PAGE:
Star Wars: The Force Awakens may have exploded the Star Wars franchise back into popularity. But do CB Falcons have what it takes to use the Force? Lightsaber battles. Planet-destroying super weapons. Traitorous stormtroopers. These are a few phrases that can describe the newest movie, Star Wars: The Force Awakens, of the Star Wars Saga. […]
Star Wars: The Force Awakens may have exploded the Star Wars franchise back into popularity. But do CB Falcons have what it takes to use the Force?
Lightsaber battles. Planet-destroying super weapons. Traitorous stormtroopers. These are a few phrases that can describe the newest movie, Star Wars: The Force Awakens, of the Star Wars Saga. The hype over the newest movie has rekindled the flame for love of everything and Star Wars, specially for many Falcons on campus, myself included.
But do students know what the Force is?
In the Star Wars universe, the Force may be the most perplexing thing to grasp. It’s there, but it’s not. It surrounds everything, yet is nothing at the same time. It is what grants Jedi the power to be heroes and Sith to be villains. Yet it’s a mystery to how it works.
So the question remains: How exactly do you describe the Force?
Like a wandering Jedi (or a lost freshman), I searched for those who can answer the question. Since there was at least a thousand Falcons on campus, I was bound to get a solid answer to what exactly the Force was.
Regina Chapuis (’18) did her best to explain this confusing concept.
“The Force is the power that runs throughout the universe, I guess,” she shrugged, “It’s that mystical, otherworldly… thing that is there, yet you can’t see it.”
Caroline McIntire (’18) also explained it with some uncertainty.
“The Force is this… energy that can be harnessed by people who believe in the Force,” she said skeptically. “I don’t really know how to explain it, but the force is kinda always…there.”
I asked Alex Poroli (’16) on what he had to offer on this mind-boggling concept. After a lot of thinking, along with deep reconsideration of his words, he finally gave his best answer:
“The Force is a force that flows through everything and some individuals can harness it and bend it to their will.”
When I asked Sam Macias (’16), an all-knowing fan of everything Star Wars, he just gave me a simple explanation to something so mysterious yet powerful.
“[The Force is] like an energy that surrounds us.” Sam simply stated. “Every person has it.”
Despite all of these reasonable answers, I felt that this wasn’t enough to answer the question. It appeared to me that the Force wasn’t as simple of a concept as I hoped it would be. There was a lot of uncertainty when I tried asking many people how it worked. Moreover, it seemed to be one of those “you just gotta know” or “just accept it and move on” type of things.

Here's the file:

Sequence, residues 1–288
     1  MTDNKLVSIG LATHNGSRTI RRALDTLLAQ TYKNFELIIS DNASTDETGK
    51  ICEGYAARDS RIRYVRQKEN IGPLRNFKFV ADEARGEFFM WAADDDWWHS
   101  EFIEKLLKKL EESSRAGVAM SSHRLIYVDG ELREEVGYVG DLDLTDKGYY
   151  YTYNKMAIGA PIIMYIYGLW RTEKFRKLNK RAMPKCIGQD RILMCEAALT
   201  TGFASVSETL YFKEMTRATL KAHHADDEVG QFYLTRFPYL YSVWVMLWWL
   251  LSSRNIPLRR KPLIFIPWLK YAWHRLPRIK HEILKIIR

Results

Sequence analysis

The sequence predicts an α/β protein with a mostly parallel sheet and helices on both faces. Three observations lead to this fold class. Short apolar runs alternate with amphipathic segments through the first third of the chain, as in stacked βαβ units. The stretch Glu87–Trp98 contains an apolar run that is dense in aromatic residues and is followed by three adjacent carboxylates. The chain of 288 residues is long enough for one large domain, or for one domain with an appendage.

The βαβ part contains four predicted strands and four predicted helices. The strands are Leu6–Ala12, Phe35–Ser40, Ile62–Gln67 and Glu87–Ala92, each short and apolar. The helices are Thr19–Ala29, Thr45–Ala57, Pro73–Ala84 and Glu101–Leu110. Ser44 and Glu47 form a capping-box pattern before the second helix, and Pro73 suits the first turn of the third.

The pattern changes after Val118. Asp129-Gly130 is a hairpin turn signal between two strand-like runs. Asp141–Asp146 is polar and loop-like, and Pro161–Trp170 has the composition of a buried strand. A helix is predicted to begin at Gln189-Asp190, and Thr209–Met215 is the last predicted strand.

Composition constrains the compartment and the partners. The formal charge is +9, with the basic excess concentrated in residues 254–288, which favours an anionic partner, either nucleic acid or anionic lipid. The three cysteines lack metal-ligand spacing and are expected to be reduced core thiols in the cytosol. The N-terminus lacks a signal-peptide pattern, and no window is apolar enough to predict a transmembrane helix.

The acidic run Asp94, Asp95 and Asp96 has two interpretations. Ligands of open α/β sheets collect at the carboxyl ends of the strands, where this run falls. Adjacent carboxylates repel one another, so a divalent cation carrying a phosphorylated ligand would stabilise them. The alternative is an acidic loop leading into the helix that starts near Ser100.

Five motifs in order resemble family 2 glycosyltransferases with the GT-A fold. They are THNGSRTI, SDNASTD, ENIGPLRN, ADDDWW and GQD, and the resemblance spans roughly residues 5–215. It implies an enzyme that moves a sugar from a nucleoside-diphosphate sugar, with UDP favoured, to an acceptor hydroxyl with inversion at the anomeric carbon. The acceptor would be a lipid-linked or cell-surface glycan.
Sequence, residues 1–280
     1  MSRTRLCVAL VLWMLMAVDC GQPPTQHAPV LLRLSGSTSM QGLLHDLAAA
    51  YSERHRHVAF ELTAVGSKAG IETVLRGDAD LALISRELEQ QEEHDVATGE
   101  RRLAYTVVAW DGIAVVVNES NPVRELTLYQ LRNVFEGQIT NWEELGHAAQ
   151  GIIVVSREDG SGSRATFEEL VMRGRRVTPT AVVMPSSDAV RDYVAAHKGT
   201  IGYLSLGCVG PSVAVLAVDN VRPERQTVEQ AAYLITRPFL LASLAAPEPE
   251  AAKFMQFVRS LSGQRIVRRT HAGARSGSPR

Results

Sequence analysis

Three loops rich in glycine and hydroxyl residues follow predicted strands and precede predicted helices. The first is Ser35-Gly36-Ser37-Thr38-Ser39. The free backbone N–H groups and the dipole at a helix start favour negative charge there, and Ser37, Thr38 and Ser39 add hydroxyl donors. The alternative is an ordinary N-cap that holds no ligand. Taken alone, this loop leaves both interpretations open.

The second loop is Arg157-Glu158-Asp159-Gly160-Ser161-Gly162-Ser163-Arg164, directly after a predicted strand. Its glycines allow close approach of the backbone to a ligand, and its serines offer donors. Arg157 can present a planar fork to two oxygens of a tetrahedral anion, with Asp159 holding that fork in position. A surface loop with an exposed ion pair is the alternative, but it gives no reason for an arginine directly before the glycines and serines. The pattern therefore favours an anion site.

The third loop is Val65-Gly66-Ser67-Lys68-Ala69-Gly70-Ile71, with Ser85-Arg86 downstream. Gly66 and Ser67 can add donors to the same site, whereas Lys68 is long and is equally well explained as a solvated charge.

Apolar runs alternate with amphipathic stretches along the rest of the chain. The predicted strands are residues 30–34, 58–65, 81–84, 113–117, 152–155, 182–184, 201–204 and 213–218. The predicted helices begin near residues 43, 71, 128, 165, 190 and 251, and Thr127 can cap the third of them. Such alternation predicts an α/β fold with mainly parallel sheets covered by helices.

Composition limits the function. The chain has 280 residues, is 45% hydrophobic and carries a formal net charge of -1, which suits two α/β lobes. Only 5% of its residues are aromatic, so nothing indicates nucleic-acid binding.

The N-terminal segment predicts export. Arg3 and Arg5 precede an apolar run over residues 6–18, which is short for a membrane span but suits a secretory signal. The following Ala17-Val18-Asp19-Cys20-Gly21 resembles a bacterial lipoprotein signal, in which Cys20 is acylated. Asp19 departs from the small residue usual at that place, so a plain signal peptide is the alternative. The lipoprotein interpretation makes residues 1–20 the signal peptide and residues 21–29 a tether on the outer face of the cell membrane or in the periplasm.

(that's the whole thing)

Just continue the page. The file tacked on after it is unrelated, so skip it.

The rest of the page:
I just had to accept that the Force had to be left a mystery and continue on. However, that wasn’t enough for me, nor was I going to throw in the towel. Still persistent, I trudged on to find out more.
However, two teachers may have cracked the grand mystery to what the Force actually is. For Physics teacher Mr. Kevin Van Den Bogert, the Force might be beyond just “an energy that surrounds us”. In fact, it can possibly be involved through some of the deepest, strangest, and most complex parts of science: dark matter.
“In the universe today we can measure its [the universe’s] acceleration,” he began. “So the universe is accelerating in expansion. And when you look at the total mass and energy of the universe, you realize that there is not enough mass and energy to derive it’s expansion. There has to be some hidden mass, or matter, that we haven’t detected yet.
So we have this missing matter in the universe called dark matter,” he continued, “And it has to exist throughout the entire universe. And since it hasn’t been identified or detected directly, then it remains some sort of an enigma.”
This description about dark matter fits well with how the Force can be described: mysterious, perplexing, and undetectable through normal means.
“So the Force is not detectable directly. You have to use it indirectly through your thoughts and actions,” the science instructor claims. “Then you can harness that particular form of energy in the universe. Notably, the Star Wars universe.”
The possibility that the Force is a form of dark matter is one of the most realistic and likely answers to what the Force is. However, before you jump for joy about the fact that the Force is/can be real, dark matter is still just as much of a mystery as the universe it resides in. As Mr. Bogert said, dark matter is still an enigma.
So cross out performing Jedi mind tricks to avoid your Spring Finals in the near future. Believe me, I tried. Way too many times.
Literature teacher and Star Wars enthusiast Mr. Tony Caselli (’97) approached the concept of the force through a more spiritual side.
“It’s this invisible connection, this invisible energy, that’s between all of us,” Mr. Caselli began,” that really does connect everybody to each other in a way that is meant to help us understand that we are part of something bigger. That we are all in this together, so to speak.
“Force-users are those among us in the Star Wars universe who are able to tap into it and show us how good things could be,” he added.
The Force does share many spiritual aspects to it. It does feel to be more alive and present throughout the universe it resides in. And since there are entire councils and orders that dedicate themselves to the ways of the Force, it can also be safe to say that the Force can be connected to something bigger.
Whether the Force is the result of dark matter, the spiritual life-energy of the universe, or is just… there, it is sadly as fictional as the galaxy far, far away. Yet, while it may be a power set in a Sci-Fi movie saga doesn’t mean we can’t enjoy it.